Grieving is an unavoidable part of living for all of us. No one is immune.
What is Grief?
In the Grief Recovery Method Guide for Loss they explain grief is the normal and natural reaction to significant emotional loss of any kind. The more significant the loss, the more intense the grief will be. Grief is the conflicting feelings caused by the end of or change in a familiar pattern or behavior. Grief can be caused by the death of a loved one but also:
- Divorce or relationship breakup
- Loss of health
- Losing a job
- Loss of financial stability
- A miscarriage
- Death of a pet
- A loved one’s serious illness
- Loss of friendship
According to Elizabeth Kubler-Ross, grief is a process and people go through various stages. One may not go through all the stages nor in the same order; however, understanding all stages may help us through the healing process.
- Denial: “This can’t be happening to me.”
- Anger: “Why is this happening? Who is to blame?”
- Bargaining: “Make this not happen, and in return I will do whatever you want.”
- Depression: “I’m too sad to do anything.”
- Acceptance: “I’m at peace with what happened.”
Symptoms of Grief
- Shock and disbelief: Right after a loss it can be hard to accept what happened. You may feel numb and have troubling believing the loss really occurred.
- Sadness: You may have feelings of emptiness, despair or loneliness. You may also cry a lot.
- Guilt: You may regret or feel guilty about things you did or didn’t do. You also may feel guilty for not being able to prevent or “save” this person.
- Anger: You may feel angry or resentful with yourself, God, the doctors or even the person you lost for abandoning you.
- Fear: You may feel anxious, helpless, worried or insecure.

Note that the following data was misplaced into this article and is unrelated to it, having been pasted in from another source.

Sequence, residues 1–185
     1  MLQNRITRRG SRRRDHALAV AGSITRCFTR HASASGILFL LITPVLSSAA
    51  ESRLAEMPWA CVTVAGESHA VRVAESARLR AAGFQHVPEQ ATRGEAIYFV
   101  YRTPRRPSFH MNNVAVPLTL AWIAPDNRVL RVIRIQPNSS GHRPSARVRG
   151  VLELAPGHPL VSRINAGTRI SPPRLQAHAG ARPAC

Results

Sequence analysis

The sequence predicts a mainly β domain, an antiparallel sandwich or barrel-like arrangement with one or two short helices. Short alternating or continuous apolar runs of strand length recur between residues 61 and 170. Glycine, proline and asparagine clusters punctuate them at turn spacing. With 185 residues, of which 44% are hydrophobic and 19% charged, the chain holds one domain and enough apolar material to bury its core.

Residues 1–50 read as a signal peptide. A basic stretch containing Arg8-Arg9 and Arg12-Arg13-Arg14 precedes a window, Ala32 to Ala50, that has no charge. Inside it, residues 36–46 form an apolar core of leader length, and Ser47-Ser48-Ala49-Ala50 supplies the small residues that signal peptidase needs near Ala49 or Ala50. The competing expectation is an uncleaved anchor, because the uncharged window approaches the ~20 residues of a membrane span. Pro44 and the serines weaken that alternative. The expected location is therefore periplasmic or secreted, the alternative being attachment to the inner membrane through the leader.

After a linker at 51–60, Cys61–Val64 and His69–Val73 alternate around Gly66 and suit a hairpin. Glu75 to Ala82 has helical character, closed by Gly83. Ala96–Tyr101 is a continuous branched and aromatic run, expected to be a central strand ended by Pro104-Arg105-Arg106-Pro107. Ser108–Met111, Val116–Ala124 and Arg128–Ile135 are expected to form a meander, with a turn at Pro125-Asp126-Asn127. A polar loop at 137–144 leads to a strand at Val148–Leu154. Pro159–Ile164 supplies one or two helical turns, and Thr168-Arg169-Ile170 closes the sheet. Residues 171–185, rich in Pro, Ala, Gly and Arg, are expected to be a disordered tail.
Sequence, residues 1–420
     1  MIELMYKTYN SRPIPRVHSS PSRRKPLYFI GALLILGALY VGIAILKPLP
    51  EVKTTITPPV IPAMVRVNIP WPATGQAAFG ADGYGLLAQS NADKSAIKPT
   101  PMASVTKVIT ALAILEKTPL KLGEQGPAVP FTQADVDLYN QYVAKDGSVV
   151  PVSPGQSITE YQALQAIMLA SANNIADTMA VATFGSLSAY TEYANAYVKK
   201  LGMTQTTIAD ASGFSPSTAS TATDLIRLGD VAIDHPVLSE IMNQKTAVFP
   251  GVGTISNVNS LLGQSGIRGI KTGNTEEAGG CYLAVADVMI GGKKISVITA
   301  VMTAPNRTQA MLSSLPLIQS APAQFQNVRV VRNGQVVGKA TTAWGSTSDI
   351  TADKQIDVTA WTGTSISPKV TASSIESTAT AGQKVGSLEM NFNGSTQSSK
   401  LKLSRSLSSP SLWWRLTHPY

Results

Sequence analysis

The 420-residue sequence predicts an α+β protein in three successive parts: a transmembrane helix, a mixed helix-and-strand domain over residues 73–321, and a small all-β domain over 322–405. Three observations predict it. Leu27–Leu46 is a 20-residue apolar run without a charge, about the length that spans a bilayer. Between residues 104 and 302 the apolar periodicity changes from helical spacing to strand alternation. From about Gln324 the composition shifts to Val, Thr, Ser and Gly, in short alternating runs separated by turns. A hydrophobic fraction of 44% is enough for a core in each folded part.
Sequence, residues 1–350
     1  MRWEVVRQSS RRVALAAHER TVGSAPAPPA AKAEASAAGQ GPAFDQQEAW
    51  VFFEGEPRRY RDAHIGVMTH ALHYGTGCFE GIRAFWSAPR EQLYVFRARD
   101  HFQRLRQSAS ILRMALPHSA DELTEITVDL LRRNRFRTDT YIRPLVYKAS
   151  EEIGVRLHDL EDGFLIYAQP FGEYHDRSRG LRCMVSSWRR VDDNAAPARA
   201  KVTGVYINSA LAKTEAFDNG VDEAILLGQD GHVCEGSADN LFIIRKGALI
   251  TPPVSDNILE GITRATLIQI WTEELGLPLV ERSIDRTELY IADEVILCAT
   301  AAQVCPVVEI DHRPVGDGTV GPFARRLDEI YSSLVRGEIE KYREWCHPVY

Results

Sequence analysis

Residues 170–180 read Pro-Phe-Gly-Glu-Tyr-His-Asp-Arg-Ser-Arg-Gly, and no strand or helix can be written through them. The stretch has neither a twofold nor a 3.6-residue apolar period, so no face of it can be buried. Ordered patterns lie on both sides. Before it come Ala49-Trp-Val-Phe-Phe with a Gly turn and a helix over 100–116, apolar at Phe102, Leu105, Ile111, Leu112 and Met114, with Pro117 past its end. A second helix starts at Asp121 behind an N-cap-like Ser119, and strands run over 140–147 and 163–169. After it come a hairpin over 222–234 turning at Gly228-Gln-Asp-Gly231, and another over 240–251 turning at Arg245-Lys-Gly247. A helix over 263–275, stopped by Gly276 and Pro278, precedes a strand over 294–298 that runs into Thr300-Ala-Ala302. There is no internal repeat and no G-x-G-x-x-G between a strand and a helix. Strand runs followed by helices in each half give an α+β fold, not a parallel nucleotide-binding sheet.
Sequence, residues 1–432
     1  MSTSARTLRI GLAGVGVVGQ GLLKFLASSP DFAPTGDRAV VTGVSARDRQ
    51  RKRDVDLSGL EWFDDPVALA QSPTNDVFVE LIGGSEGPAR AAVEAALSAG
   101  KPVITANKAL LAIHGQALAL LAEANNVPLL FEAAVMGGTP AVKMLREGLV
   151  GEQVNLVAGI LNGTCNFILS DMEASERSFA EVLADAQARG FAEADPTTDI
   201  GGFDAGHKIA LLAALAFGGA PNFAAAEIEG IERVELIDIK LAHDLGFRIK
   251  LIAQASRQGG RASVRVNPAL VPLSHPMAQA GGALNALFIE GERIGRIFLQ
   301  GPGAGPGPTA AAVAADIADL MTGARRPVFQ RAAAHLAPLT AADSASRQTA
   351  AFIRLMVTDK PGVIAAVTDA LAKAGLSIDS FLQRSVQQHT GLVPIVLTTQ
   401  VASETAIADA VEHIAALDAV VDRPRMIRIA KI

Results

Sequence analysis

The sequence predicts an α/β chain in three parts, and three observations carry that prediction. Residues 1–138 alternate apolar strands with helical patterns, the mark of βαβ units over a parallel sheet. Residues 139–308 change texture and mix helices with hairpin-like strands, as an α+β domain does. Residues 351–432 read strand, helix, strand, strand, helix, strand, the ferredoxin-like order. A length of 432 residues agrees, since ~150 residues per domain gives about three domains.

- Physical Symptoms: Grief often involves fatigue, nausea, weight loss/weight gain and insomnia.
- Other symptoms may include anxiety, lack of concentration, hopelessness, depression, altered dreams, and relief.
Ways to cope with Grief
- Get Support: It is important to seek out and find our support system during this time. This includes but is not limited to friends and family members. Possibly drawing comfort from your faith can be helpful as well.
- Take care of yourself: This could include exercise, meditation, writing in a journal, making a photo album or having a gathering to share memories of the person who has passed away.
- Seek professional help: Talk to a therapist or grief counselor (available here at the Health and Wellness Center; outside sliding scale referrals are also available).
A Life Care Guide to Grief & Bereavement on Managing your Grief found the following guidelines to help.
- Remember that grieving is a long process.
- Offer your companionship.
- Don’t minimize the loss.
- Encourage your loved one to share his or her feelings.
- Help your loved one create new traditions/rituals/activities.
- Listen to your loved one.
- If you are concerned about your loved one please let someone know.
*Please walk into the Health & Wellness Center if you need support, referrals or guidance on how to deal with Grief & Loss.